OP/ED: Feeding Grand Forks deer no different than feeding bears
As I sit writing in my office there is a family of deer grazing not five feet outside my screen door. A young buck, a doe and a fawn are scattered across my yard and wandering back and forth across the road. If it seems there is a plethora of animal articles this week, the coincidence can’t be missed – we live in rural B.C. with wild animals and we live with the consequences of that. There’s a herd of raccoons in my neighbourhood, nearby friends say they’ve seen a black bear roaming, and I’ve seen a cougar too. We think we live in a city, but we’re constantly reminded that this town is in the middle of wild area. It’s what we love about living here, but then we start to mess with it all. And the message in all of it is that we need to stop feeding the wildlife. It’s not just the people who deliberately feed animals, although I’d love to know why they all live on corner lots in dangerous spots for vehicle traffic, but its all of us who provide the delicacies that they love. The raccoons are into cat food (or dog food, I’m sure they’re not fussy) that many people leave outside for their own animals. The bears never say no to garbage, and the cougars, well, they’re just here for the hunting whether that’s little Fido or old deer. Open composts are great smorgasbords, and there is more than one old fruit tree that no one picks anymore around town. Not to mention all those wonderful, tasty little flowers that the deer love to nibble. While some people see the deer nibbling on their plants as sharing or weed control, it is a deliberate way of feeding the wildlife. Did I mention that feeding the wildlife is illegal? Does that mean we are all responsible? In some ways, yes I think it does. Whether it’s the lady up in Fife feeding the bears because she feels sorry for them, to the people who put out feed for deer in the winter, to those of us who plant our gardens and don’t protect them, we all play a part in the growth of the population and their habituation to humans. And then we’re all upset and accusatory when the powers that be have to step in and kill animals. As Martin Mersereau from People for the Ethical Treatment of Animals said in an interview, “You cannot feed wildlife without blood on your hands.” We can’t just point fingers at the lady up in Fife and say, well she shouldn’t have fed those dangerous bears, while we assist in the propagation of multitudes of deer. There’s really very little difference. Just because Bambi doesn’t bite, it doesn’t make it o.k. to make friends with her. By the way, there’s been more than one dog killed by cute little Bambi so don’t think she can’t be dangerous too.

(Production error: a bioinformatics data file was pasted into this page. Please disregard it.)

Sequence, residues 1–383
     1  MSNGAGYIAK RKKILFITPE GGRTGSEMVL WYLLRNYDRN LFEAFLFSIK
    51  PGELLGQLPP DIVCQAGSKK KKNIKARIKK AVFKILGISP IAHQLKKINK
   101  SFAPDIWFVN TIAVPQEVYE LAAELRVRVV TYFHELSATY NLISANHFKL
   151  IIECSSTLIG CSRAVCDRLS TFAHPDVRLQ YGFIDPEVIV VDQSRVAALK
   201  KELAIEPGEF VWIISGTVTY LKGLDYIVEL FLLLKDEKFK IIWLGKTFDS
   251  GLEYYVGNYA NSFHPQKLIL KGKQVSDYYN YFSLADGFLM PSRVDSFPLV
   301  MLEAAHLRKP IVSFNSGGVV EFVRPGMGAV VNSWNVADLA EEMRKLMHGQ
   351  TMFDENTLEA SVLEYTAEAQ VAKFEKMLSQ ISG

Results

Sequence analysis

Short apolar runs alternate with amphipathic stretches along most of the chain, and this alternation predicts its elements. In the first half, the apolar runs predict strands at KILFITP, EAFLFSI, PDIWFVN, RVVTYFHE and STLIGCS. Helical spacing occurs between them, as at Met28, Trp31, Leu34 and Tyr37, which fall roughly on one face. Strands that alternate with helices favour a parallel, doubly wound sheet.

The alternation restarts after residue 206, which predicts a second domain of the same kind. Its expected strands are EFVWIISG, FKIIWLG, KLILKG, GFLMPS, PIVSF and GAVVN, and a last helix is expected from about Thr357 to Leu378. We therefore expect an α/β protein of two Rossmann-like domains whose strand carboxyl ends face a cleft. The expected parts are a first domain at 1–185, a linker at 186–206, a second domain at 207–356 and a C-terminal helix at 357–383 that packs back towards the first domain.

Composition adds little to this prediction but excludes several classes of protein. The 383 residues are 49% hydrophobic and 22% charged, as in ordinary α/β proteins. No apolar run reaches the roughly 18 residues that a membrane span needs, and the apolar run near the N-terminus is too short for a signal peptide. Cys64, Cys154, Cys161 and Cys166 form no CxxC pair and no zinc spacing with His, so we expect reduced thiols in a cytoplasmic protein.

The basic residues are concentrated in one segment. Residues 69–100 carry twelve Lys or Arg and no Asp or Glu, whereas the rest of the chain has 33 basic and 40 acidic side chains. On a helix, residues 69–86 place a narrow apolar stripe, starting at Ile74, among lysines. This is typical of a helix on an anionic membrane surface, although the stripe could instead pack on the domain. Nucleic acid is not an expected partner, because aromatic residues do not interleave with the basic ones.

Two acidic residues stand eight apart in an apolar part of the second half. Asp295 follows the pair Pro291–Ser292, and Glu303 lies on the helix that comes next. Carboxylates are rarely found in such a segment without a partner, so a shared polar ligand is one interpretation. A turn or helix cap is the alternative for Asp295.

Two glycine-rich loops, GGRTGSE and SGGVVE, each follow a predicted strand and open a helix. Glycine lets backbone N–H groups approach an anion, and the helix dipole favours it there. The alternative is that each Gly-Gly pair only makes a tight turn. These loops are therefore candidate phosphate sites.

So yes, you need to put a lid on your compost, fence your yard if you want to plant comfrey, keep cat food inside, and pick up that fruit falling from the tree on the corner. We live in a place where we have constant contact with wildlife, and need to build our environment accordingly.
Only once we have dealt with our own environment can we, maybe, look to our neighbours and be critical. Until then we cannot claim to be any better than the woman in Fife feeding bears, and we all bear the responsibility for the decisions being made to kill.